• Create a network and then connect that network with a router to an external network
    • Create an external network with a pool of floating IP addresses
    • Boot VMs directly from image
    • Create two wildcard domains for separate system and app domains
  • Your OpenStack project must have the following resources before you install PCF:

    • 118 GB of RAM
    • 22 available instances
    • 16 small VMs (1 vCPU, 1024 MB of RAM, 10 GB of root disk)
    • 3 large VMs (4 vCPU, 16384 MB of RAM, 10 GB of root disk)
    • 3 extra-large VMs (8 vCPU, 16 GB of RAM, 160 GB of ephemeral disk)
    • 56 vCPUs
    • 1 TB of storage
    • Nova or Neutron networking with floating IP support

By default, Elastic Runtime deploys the number of VM instances required to run a highly available configuration of PCF. If you are deploying a test or sandbox PCF that does not require HA, then you can scale down the number of instances in your deployment. For information about the number of instances required to run a minimal, non-HA PCF deployment, see Scaling Elastic Runtime.

  • Requirements for your Cinder backend:

    • PCF requires RAW root disk images. The Cinder backend for your OpenStack project must support RAW.
    • Pivotal recommends that you use a Cinder backend that supports snapshots. This is required for some BOSH functionalities.
    • Pivotal recommends enabling your Cinder backend to delete block storage asynchronously. If this is not possible, it must be able to delete multiple 20GB volumes within 300 seconds.
  • Using an Overlay Network with VXLAN or GRE Protocols:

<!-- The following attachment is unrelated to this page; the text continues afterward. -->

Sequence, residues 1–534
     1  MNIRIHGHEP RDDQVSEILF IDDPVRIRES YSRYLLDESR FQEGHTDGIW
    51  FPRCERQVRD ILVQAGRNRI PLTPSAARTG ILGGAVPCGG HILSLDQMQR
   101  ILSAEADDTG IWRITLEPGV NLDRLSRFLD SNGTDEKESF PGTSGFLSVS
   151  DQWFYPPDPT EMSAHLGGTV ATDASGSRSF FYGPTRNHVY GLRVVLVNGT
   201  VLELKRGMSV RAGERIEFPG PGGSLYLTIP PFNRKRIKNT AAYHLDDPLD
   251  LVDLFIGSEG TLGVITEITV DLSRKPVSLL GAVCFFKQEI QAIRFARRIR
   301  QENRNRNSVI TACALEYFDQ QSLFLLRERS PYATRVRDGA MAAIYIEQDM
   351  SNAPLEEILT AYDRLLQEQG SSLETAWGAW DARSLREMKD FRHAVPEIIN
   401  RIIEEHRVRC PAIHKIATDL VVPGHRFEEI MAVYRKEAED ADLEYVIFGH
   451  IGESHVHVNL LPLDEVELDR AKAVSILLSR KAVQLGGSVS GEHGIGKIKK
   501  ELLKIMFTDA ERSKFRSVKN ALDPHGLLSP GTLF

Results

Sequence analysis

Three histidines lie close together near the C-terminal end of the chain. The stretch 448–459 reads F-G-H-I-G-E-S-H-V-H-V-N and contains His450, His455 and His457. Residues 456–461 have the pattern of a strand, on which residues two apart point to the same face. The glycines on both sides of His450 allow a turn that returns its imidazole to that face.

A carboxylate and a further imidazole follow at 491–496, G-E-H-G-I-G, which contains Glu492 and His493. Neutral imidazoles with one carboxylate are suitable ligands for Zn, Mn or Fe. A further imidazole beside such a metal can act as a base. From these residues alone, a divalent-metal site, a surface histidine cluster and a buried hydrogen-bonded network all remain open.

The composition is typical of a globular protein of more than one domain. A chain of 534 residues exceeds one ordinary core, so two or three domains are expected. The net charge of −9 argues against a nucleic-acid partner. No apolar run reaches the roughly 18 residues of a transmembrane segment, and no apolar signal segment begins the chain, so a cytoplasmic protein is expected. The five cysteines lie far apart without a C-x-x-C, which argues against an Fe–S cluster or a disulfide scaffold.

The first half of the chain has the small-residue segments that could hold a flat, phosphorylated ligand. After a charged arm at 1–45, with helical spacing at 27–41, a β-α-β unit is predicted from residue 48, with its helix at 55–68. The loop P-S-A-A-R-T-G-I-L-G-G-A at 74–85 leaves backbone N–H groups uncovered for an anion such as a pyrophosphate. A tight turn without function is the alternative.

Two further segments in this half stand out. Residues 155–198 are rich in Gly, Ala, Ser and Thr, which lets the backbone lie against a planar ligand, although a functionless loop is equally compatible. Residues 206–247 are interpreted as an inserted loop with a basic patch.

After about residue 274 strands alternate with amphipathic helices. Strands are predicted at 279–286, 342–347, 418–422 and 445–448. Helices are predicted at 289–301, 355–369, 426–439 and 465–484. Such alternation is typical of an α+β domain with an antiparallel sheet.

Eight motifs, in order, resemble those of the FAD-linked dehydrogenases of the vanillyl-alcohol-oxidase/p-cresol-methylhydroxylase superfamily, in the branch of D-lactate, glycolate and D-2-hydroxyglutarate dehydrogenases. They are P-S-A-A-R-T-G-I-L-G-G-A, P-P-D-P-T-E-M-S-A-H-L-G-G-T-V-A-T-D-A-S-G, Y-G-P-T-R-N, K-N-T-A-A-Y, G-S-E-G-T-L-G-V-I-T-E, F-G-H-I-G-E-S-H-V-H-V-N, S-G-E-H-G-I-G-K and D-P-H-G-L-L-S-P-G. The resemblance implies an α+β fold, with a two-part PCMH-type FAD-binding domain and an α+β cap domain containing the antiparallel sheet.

• If an overlay network is being used with VXLAN or GRE protocols, the MTU of the created VMs must be adjusted to the best practices recommended by the plugin vendor (if any).
    • DHCP must be enabled in the internal network for the MTU to be assigned to the VMs automatically.
    • Review the Installing Elastic Runtime on OpenStack topic to adjust your MTU values.
    • Failure to configure your overlay network correctly could cause Apps Manager to fail since applications will not be able to connect to the UAA.

      Note: If you are using IPsec, your resource usage will increase by approximately 36 bytes. View the Installing IPsec topic for information, including setting correct MTU values.

  • Miscellaneous

    • Pivotal recommends granting complete access to the OpenStack logs to the operator managing the installation process.
    • Your OpenStack environment should be thoroughly tested and considered stable before deploying PCF. To validate that your OpenStack platform meets the needs of PCF, you can use the OpenStack Validator Tool.

Openstack VM Flavors

Configure your OpenStack VM flavors as follows:

Do not change the names of the VM flavors in the table below.

ID Name Memory_MB Disk Ephemeral VCPUs
1 m1.small 2048 20 0 1
2 m1.medium 4096 40 0 2
3 m1.large 8192 80 0 4
4 m1.xlarge 16384 160 0 8

Install PCF on OpenStack

Complete the following procedures to install PCF on OpenStack:

  1. Provisioning the OpenStack Infrastructure

  2. Configuring Ops Manager Director on OpenStack

  3. (Optional) Installing the PCF IPsec Add-On

  4. Deploying PAS on OpenStack